What it affects is the literary form. Which is pretty basic in poetry as 3 parts — opening, turning point, & closure. You have to have these parts to maintain a reader and draw them into the text of the poem. It's similar to the novel which has parts too. But they are far more complicated, with far more parts to it. So this is a term for these abrupt places within the poem where the text tends to have full stops.

    So the last line of a group of lines or couplet will end-stop the thought and forward progression in the poem for some reason in the overall presentation.

    a poet friend
    RH Peat

    p.s. Thanx for teaching me something new. This kind of Cloture is used in some forms; like the Ghuzal where each couple is suppose to be able to stand on its own as well as read with the complete poem. It is sometimes referred to as the string of pearls because the couples can stand on their own.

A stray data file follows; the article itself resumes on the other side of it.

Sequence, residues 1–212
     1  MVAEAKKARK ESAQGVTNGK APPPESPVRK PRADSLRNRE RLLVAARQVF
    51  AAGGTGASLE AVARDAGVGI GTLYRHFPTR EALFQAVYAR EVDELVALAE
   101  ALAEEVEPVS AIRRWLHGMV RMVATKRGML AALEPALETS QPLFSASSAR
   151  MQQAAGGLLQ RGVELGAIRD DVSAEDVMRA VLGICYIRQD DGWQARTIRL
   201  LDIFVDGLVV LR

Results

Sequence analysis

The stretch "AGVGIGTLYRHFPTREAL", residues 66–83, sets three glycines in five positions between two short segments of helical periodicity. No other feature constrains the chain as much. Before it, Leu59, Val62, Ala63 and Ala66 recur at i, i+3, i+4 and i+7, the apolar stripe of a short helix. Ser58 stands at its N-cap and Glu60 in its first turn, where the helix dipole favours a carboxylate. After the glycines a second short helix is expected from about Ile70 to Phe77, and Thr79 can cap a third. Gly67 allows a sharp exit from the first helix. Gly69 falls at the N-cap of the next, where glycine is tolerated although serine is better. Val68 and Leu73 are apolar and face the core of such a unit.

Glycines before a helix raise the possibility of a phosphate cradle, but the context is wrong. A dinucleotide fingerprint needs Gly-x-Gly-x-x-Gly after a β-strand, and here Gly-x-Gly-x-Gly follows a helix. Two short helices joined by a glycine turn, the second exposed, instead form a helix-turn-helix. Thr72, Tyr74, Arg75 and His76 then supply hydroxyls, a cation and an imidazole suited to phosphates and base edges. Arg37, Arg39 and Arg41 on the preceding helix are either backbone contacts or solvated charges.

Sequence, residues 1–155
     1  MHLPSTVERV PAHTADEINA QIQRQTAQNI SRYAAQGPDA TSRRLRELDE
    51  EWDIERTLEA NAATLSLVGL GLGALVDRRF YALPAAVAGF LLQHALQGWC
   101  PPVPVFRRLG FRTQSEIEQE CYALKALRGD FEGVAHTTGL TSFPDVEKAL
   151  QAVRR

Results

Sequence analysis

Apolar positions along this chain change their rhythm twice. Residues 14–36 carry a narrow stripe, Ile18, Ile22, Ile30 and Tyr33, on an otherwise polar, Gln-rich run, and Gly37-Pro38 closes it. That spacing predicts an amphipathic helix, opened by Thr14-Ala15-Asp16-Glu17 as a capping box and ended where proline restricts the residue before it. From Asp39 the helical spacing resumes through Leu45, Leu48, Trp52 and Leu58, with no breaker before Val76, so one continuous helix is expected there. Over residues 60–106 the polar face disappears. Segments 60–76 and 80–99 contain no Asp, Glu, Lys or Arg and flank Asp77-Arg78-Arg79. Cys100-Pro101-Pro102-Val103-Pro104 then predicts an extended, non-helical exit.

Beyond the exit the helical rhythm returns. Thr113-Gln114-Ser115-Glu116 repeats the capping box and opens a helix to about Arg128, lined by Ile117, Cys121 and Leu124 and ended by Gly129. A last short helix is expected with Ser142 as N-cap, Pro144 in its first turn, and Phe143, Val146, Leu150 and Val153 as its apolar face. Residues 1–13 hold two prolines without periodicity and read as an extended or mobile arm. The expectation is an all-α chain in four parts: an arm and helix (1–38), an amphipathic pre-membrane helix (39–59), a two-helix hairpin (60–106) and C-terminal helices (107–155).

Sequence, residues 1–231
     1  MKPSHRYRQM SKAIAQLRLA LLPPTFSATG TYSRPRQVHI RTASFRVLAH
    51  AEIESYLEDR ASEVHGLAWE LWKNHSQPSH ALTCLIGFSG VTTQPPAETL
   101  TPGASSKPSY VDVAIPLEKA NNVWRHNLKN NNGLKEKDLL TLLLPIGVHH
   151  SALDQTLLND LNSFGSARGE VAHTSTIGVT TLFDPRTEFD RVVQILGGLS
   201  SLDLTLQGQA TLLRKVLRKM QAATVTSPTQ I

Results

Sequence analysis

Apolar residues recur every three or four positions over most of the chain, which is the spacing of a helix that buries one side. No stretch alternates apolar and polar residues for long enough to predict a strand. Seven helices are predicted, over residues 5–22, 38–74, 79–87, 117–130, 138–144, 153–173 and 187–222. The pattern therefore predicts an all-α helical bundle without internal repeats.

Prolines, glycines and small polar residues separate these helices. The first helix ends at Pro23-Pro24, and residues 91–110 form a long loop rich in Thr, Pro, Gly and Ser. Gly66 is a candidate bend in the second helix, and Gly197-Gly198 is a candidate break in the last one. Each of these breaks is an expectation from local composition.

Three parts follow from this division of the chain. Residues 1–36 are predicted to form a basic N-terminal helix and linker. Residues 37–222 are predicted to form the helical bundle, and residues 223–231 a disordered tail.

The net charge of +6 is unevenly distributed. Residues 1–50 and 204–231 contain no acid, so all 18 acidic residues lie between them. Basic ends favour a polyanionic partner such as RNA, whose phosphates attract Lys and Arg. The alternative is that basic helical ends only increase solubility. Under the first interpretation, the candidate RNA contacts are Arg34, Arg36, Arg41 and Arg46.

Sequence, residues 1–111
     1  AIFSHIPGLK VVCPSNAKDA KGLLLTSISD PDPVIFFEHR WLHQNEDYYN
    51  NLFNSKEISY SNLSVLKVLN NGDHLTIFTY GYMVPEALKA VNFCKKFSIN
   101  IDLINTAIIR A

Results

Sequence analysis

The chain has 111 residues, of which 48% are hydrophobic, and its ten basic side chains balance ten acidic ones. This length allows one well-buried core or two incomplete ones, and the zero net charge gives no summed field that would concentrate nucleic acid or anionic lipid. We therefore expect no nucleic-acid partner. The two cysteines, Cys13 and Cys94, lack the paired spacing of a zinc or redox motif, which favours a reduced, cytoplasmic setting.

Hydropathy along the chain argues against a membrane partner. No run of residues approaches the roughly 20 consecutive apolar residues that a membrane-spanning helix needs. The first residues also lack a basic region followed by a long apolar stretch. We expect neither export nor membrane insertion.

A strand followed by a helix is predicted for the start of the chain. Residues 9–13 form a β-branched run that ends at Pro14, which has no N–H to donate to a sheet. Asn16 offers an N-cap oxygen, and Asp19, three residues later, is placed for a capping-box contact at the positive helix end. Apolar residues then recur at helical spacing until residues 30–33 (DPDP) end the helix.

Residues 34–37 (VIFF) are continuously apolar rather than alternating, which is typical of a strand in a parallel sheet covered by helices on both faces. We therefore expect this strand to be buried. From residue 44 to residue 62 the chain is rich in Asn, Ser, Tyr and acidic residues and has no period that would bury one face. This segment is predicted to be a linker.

4. #24
    A bit of fun. . . .

    What's that on the road ahead?

    What's that on the road ahead?

    What's that on the road ahead?

    What's that on the road ahead?

    What's that on the roadooooa head?

  5. #25
    In Judson Jerome's "Poet's Handbook" he defines Cloture as the opposite of enjambment. Basically saying the cloture resolves tension while enjambment heightens tension. By combining the two you can create different kinds of emotions due to how the enjambment is broken (which you have talked about) and then how Cloture resolves that emotional context through an abrupt ending — end-stopping the thoughts in a stanza.

    a poet friend
    RH Peat

  6. #26
    Ok, so it is more than just end-stopping lines--it's ending the thought of line of reason that goes with that group of lines and moving to the next (related) part of it.